According to the just released July 2018 U.S. Foreclosure Market Report released by ATTOM Data Solutions, foreclosure starts in July increased by 1% from a year ago — the first year-over-year increase following 36 consecutive months of decreases.
Foreclosures rose from a year ago in 96 of the 219 metropolitan statistical areas, or 44% of the markets analyzed in the report; 33 of those areas posted their third straight monthly increase. A total of 30,187 U.S. properties started the foreclosure process for the first time in July, up 1 percent from the previous month and while the increase was less than 1% from a year ago, it marked the first annual increase in exactly 3 years.
21 states posted a year-over-year increase in foreclosure starts in July, including Florida (up 35 percent); California (up 3 percent); Texas (up 7 percent); Illinois (up 7 percent); and Ohio (up 2 percent).
Metro areas posting year-over-year increases in foreclosure starts in July included Los Angeles, California (up 20 percent); Houston, Texas (up 76 percent); Philadelphia, Pennsylvania (up 10 percent); Miami, Florida (up 29 percent); and San Francisco, California (up 10 percent).
“The increase in foreclosure starts is not just a one-month anomaly in many local markets given that July represented the third consecutive month with a year-over-year increase in 33 metro areas, including Los Angeles, Miami, Houston, Detroit, San Diego and Austin,” said Daren Blomquist, senior vice president with ATTOM Data Solutions.
“Gradually loosening lending standards over the past few years have introduced a modicum of risk back into the housing market, and that additional risk is resulting in rising foreclosure starts in a diverse set of markets across the country. Most susceptible to rising foreclosure starts are affordability-challenged markets where homebuyers are more financially stretched and markets with some type of trigger event such as a natural disaster or large-scale layoffs.”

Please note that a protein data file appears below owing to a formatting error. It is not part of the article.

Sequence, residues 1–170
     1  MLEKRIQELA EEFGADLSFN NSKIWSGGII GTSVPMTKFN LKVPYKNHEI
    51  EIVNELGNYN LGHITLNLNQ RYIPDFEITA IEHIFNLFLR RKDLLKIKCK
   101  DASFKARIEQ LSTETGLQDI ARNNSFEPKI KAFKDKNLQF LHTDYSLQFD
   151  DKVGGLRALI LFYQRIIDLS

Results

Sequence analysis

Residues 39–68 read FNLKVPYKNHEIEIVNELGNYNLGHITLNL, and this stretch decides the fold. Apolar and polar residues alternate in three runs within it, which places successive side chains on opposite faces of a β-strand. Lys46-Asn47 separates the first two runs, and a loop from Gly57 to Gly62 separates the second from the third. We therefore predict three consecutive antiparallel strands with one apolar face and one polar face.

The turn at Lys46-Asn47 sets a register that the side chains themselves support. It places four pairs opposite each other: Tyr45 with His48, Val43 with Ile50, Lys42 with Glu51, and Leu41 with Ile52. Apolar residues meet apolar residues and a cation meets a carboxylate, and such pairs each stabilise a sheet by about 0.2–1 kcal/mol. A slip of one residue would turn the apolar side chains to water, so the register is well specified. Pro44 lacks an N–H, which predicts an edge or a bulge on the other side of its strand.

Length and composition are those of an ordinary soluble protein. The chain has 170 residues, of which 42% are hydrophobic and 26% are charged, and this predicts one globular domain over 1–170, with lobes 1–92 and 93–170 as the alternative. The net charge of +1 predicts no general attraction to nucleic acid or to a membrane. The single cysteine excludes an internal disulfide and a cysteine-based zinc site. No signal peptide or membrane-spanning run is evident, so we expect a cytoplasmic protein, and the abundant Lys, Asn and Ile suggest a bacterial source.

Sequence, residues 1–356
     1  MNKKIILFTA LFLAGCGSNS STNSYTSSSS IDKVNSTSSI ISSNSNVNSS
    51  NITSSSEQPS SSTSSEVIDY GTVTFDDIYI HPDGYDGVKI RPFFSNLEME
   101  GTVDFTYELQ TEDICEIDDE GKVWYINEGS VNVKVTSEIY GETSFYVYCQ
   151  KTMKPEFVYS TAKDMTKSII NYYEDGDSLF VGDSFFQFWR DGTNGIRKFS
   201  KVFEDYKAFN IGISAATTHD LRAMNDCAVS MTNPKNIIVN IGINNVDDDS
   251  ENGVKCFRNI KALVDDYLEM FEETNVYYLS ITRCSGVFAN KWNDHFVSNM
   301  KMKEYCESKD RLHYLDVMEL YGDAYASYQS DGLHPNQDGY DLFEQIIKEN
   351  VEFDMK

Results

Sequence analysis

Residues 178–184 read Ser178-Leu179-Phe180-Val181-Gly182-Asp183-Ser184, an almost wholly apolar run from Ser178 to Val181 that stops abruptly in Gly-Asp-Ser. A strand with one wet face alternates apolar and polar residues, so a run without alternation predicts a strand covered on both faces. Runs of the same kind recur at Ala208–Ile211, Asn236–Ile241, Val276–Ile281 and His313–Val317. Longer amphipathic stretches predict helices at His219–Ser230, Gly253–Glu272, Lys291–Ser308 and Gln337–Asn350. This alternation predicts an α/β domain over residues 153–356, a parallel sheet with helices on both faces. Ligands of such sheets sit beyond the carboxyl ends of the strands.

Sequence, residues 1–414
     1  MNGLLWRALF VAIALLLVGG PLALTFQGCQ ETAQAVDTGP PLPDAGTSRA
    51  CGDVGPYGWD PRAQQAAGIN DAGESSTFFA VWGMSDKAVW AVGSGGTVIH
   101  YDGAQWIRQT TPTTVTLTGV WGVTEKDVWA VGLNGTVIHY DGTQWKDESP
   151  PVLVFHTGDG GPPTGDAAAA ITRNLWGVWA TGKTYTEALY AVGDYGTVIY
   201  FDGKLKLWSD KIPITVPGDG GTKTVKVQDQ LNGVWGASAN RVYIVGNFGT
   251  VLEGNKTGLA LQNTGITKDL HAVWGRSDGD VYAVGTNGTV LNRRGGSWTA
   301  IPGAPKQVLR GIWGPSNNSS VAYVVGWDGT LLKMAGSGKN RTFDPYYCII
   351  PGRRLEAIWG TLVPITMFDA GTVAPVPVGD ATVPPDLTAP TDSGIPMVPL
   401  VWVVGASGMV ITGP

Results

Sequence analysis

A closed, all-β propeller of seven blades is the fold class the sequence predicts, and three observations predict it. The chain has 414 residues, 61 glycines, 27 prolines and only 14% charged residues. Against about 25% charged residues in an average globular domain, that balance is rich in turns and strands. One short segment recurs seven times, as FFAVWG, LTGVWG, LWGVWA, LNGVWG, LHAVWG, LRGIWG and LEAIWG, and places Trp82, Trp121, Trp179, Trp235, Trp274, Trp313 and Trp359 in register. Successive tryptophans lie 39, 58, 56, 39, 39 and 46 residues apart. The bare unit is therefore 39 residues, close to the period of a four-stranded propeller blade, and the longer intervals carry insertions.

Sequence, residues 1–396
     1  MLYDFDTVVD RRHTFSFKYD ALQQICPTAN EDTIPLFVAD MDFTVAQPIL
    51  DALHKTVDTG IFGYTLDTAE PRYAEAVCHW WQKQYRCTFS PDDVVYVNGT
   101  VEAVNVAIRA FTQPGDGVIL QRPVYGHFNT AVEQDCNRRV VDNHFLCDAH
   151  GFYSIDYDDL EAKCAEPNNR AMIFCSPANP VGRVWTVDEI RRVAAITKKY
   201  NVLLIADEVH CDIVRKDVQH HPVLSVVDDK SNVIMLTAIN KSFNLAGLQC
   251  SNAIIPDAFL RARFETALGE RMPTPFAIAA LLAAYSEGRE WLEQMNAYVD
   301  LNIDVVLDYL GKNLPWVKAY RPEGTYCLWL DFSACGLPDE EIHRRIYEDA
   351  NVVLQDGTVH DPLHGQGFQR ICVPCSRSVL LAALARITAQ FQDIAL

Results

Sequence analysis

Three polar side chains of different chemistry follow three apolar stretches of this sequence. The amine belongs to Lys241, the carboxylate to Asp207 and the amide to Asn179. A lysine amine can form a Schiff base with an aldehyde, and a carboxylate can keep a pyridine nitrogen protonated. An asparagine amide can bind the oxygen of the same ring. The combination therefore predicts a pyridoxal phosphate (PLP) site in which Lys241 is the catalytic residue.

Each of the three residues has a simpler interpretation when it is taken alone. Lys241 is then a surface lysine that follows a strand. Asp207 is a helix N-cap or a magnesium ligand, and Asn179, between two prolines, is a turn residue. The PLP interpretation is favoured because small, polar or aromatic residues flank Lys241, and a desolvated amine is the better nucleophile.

The data comes shortly after a separate report found that there has been a plunge of sales in ultra-luxury real estate in New York City, where apartments that cost $5 million or more have seen their sale plunge more than 31% in the first 6 months of the year.
The surprising reversal in the US housing sector comes at a time when the US economy is reportedly firing on all four cylinders, with the stock market at all time highs and not long after the Department of Commerce revised income and spending data to “discover” that US households had actually saved twice as much as previously expected. Which begs the question: is the rise in interest rates a sufficiently adverse development to offset all the other favorable trends in the economy, or is something more sinister – and unknown – taking place in the US economy.
As a reminder it is housing – and not financial markets or stocks – that has traditionally been the most relevant, and aspirational, asset for the US middle class and as such is the best indicator of economic prosperity (or lack thereof) for a majority of the US population. And recent trends are anything but optimistic.